With Massachusetts and New Hampshire onboard, at least one other coastal New England state is tracking the federal lawsuit that accuses NOAA of wanton disregard for the catastrophic economic impact its catch quota policies have inflicted on the region’s fishing communities.
A spokeswoman for Rhode Island Attorney General Peter F. Kilmartin said that office has been monitoring the lawsuit’s progress and has not ruled out the possibility of joining the action as a means of protecting the state’s commercial fishing industry and the communities in which it operates.
”Rhode Island has not signed on to the lawsuit, but we continue to closely monitor the status of that case,” said spokeswoman Amy Kemp.
The office of Maine Attorney General Janet T. Mills did not respond to several requests for comment, and a spokesman for Connecticut Attorney General George Jepsen said the state has not been approached by Massachusetts about joining the lawsuit.
That could change soon.
Massachusetts Attorney General Martha Coakley, now also a candidate for governor, said at a Gloucester campaign stop Wednesday that she is pleased New Hampshire signed on as a co-plaintiff and plans to speak with the three remaining coastal New England states about joining the action.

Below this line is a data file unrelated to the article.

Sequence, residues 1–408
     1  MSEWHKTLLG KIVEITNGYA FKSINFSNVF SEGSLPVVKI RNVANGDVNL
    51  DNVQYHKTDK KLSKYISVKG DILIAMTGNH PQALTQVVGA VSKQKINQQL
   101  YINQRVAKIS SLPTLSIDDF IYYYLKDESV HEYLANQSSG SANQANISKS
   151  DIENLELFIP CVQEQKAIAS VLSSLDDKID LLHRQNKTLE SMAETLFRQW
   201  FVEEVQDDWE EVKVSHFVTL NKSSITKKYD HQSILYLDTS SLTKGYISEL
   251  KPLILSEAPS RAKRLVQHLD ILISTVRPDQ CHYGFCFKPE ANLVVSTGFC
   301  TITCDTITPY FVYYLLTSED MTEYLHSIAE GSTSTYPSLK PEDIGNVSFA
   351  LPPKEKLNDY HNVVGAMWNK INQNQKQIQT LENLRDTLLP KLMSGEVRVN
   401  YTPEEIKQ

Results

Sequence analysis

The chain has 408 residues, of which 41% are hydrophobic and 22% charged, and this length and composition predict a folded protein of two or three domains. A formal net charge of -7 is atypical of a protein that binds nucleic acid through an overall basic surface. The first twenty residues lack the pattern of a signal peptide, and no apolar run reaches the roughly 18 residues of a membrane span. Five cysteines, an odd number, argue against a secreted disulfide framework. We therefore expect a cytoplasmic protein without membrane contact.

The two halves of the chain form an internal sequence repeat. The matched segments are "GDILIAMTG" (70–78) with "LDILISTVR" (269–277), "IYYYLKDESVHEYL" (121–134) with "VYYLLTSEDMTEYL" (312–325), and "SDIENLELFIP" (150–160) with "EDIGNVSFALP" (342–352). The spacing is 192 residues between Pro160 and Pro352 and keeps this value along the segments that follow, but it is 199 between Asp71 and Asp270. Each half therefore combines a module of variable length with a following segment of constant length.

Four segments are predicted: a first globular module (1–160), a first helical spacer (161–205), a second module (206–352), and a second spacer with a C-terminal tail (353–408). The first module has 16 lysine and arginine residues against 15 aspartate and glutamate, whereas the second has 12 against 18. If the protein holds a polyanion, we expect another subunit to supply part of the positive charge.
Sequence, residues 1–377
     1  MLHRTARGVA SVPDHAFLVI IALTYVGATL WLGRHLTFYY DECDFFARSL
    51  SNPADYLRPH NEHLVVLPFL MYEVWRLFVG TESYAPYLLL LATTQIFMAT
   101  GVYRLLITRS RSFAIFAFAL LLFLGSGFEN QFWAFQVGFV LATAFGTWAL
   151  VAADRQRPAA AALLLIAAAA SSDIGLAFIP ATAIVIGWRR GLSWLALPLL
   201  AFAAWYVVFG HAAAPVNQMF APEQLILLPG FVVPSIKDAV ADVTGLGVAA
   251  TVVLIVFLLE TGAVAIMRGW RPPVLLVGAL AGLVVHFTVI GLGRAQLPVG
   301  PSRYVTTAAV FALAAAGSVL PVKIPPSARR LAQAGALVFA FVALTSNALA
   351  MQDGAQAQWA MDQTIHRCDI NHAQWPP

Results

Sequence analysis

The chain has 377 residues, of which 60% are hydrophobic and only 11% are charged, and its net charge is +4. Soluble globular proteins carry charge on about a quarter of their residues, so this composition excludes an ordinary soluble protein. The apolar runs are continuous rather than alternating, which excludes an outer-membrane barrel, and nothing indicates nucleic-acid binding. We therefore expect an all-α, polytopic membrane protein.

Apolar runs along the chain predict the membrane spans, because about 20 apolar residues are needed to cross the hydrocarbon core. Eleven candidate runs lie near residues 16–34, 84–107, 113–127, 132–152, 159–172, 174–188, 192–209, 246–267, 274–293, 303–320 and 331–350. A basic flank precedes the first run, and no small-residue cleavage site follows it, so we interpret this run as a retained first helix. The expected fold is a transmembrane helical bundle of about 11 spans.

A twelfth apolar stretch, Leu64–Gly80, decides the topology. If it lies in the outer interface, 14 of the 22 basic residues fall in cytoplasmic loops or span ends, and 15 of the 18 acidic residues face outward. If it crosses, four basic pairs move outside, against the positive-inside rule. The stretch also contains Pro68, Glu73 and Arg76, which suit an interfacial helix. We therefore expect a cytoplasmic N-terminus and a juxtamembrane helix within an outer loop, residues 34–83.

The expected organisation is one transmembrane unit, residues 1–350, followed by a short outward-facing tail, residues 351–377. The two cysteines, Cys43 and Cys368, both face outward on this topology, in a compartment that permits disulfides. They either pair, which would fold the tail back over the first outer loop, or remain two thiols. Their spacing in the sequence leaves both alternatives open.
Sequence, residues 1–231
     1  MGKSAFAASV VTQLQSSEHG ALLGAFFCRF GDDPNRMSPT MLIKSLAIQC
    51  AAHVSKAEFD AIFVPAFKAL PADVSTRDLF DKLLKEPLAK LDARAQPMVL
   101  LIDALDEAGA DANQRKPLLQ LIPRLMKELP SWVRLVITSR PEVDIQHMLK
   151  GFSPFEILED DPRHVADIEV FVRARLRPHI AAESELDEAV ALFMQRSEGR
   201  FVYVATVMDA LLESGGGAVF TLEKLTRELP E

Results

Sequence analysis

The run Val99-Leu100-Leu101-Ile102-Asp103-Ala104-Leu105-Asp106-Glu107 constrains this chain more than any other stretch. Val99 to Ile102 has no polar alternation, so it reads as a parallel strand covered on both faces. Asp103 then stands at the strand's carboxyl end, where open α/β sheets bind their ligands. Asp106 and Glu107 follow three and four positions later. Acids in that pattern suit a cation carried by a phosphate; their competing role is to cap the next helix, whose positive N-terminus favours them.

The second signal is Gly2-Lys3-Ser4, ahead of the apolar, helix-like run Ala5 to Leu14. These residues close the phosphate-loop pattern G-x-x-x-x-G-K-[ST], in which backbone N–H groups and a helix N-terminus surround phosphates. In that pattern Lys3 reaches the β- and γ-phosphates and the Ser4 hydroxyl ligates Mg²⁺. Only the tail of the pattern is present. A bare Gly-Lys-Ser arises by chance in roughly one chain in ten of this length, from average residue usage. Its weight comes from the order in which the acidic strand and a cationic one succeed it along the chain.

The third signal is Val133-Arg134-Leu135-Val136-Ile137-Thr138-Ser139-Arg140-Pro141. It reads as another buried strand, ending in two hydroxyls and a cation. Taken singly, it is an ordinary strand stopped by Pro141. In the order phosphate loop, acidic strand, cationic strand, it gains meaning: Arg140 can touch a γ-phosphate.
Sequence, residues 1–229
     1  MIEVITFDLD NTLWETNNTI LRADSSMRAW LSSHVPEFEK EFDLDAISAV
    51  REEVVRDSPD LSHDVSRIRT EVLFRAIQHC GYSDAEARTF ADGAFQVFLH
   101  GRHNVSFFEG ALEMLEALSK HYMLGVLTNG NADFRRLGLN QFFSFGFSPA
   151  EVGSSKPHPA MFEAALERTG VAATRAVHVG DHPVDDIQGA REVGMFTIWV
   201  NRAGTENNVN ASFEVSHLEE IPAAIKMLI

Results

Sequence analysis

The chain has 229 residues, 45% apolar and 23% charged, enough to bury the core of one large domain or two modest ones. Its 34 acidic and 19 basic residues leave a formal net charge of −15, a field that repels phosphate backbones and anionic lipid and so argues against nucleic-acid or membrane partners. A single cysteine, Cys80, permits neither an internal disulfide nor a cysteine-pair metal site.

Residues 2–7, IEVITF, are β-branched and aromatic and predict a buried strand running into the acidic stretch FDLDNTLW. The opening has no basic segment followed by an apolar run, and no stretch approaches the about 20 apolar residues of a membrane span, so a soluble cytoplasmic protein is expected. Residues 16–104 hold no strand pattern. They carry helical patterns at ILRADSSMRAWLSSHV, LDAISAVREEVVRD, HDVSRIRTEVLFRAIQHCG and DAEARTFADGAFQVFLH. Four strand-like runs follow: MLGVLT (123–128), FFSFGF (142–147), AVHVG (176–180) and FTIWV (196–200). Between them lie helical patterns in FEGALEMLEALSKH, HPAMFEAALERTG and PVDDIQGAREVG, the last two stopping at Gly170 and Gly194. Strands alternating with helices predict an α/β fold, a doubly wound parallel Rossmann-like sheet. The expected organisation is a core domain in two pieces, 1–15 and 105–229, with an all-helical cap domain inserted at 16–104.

“The more the better,” Coakley said while greeting supporters at the Cape Ann Brewing Co. on Rogers Street.
Coakley filed the lawsuit in U.S. District Court in Boston in late May, less than a month after the National Oceanic and Atmospheric Administration’s implementation of staggering cuts — up to 78 percent in the case of Cape of Maine cod — to the allowable catch limits for several groundfishing stocks that traditionally have been at the heart of the Gloucester commercial fishing fleet’s landings.
New Hampshire, seeking to protect its predominantly small-boat commercial fishing fleet, became a co-plaintiff last week when U.S. District Court Judge Richard G. Stearns accepted the Granite State’s petition for intervention.